Valuing Our Neighborhood Associations!
Commissioner Tommy Adkisson
October 2, 2008

Aside from our families and our homeowner's insurance policy, there is perhaps nothing more important in the temporal world of our community than our neighborhood association. Being the master of your own household is important, but after that what about the surrounding homes and their inhabitants? The price or newness of the homes in the neighborhood is no guarantee of the quality of the immediate community in which we live.

It is the neighborhood association working with selfless people of goodwill that raises the quality of life more directly than perhaps anything else. Members of neighborhood associations often bring with them the priceless influence of other indispensable organizations to bear on the work of the association. Among others they are: church, PTA, international service organizations and many more.

The neighborhood association conducts a constant vigil over the most critical of elements of a good neighborhood:

It is the above critical items on the "neighborhood agenda" that compelled me to form my own neighborhood association over twenty-five years ago along with a very lofty group of neighbors and to perform this important work.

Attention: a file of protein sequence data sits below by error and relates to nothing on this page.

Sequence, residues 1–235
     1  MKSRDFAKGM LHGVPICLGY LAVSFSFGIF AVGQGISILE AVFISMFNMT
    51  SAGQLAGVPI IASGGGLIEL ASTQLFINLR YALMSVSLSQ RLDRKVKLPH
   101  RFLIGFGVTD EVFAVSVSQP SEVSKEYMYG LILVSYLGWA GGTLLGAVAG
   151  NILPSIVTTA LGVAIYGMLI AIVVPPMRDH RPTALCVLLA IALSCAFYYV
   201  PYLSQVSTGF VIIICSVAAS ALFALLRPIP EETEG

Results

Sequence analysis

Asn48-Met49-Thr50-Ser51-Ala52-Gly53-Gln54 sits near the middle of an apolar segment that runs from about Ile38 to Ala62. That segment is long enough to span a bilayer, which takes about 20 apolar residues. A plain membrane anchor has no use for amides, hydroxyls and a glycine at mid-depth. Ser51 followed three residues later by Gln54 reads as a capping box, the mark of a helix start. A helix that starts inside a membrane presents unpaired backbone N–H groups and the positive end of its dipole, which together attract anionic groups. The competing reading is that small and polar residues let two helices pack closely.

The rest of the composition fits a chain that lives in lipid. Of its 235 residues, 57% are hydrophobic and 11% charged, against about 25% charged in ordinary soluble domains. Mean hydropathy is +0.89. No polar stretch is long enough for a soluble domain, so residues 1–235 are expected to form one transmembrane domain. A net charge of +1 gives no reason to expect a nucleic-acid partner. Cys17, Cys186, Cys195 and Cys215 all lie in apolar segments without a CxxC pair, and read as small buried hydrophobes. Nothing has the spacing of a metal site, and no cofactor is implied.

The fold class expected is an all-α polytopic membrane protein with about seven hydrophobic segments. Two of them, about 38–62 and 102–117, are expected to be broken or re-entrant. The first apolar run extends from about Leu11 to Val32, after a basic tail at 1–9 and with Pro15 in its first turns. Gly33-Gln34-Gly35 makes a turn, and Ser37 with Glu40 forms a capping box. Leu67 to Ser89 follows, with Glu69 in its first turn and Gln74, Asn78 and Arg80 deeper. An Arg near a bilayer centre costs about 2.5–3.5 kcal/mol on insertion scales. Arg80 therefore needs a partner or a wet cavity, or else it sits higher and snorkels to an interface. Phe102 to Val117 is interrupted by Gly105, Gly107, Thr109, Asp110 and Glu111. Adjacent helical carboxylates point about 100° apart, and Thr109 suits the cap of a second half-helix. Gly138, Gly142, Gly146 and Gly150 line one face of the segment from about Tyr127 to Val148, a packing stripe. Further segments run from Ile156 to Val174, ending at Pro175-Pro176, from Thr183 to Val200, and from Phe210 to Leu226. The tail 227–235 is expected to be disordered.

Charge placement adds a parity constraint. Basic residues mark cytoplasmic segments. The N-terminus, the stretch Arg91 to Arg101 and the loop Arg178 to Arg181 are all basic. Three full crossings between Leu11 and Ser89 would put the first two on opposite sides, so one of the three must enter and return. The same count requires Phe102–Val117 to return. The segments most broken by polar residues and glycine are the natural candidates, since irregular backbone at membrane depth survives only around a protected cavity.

About a month ago, this newspaper announced the unfortunate closing of a neighborhood association in our community. Significantly the association appeared to have lacked the support of the younger members of the community. This is a challenge we see in all organizations.

John Maxwell in his "21 Irrefutable Laws of Leadership" speaks to the 21st Law being the law of succession. The need for associations and community organizations to continually seek out new blood is never ending and ongoing. Meeting the challenge of succession however, is more readily accomplished when the goals of the organization are seen as clear and compelling.

It is with this in mind that Bexar County allocated $10,000.00 to the Neighborhood Resource Center for the purpose of building membership in our neighborhood associations. Development of youth leadership in our high schools and colleges must be emphasized.

Also, those who share a passion for just plain old good neighborhoods like the ones many of us grew up in, should be the focus as well. Air-conditioning, cable TV, computers and the internet draws us inside our homes. If we were out on the porches to gain a keener sense about what is going on in our neighborhoods our communities and the associations that wish to enhance them would be stronger. Will you join me by joining your neighborhood association or stepping up to lead your community to a better place to live?

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